User:Pranav Rathi/Notebook/OT/2012/11/13/Optical Tweezers Calibration

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To perform accurate measurements with optical tweezers, it is necessary to calibrate some experimental parameters and even before that study the active components of the optical tweezers setup. The parameters I want to calibrate: Stiffness; which measures the force that is exerts on the trapped bead, and Sensitivity; which measures the relative position of bead within the trap. The components I want to characterize: Laser, AOM (acoustooptic module), microscope objective, z and x piezo, lens and mirrors, QPD (quadrant photo diode), and electronic filters. It is necessary to characterize these components first because not only they affect the experimental parameters but also reduce the chances to see something unexpected in data later on.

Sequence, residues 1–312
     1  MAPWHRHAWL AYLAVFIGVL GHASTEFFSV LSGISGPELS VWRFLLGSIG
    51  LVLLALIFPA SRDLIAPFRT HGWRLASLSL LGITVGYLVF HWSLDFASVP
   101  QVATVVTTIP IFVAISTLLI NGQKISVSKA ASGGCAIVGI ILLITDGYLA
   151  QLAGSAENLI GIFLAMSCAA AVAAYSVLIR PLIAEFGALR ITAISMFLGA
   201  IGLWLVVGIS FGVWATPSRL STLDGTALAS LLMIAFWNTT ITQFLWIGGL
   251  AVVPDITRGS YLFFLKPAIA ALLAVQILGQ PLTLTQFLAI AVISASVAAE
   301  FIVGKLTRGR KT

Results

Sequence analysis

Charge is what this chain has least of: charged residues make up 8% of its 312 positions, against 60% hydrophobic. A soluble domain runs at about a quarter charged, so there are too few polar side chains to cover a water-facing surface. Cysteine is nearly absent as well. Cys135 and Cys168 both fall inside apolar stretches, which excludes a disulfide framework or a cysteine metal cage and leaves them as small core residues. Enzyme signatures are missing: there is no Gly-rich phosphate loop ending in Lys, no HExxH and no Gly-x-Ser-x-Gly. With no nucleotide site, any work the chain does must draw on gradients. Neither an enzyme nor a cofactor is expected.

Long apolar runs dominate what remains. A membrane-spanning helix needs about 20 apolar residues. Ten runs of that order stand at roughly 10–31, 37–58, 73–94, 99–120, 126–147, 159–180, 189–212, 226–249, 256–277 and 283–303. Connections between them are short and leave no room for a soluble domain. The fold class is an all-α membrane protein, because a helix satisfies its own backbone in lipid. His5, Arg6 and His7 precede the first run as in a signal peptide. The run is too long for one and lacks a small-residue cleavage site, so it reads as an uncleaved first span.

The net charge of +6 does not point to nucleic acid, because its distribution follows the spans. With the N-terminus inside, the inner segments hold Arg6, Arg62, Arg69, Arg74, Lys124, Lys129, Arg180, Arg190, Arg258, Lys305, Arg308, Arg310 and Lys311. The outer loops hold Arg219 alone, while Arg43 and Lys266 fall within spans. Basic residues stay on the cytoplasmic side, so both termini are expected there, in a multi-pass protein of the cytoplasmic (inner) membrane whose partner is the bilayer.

I characterized most of the active components time to time in the setup. The characterization also helped me in designing this tweezers.


I use two lasers: 1064nm 2W ND:YAG crystalaser for tweezing and 633nm 2mW He-Ne for surface detection and alignment purposes. It is important to know some details about the source. IR-laser is more important because it is tweezing laser. I did not do a rigorous study (because it was not necessary), just specified few parameters like power output, beam waist and its location, polarization, beam mode profile and beam propagation factor. I used this information to design the tweezers expansion optics. The laser specifications are given in the following link: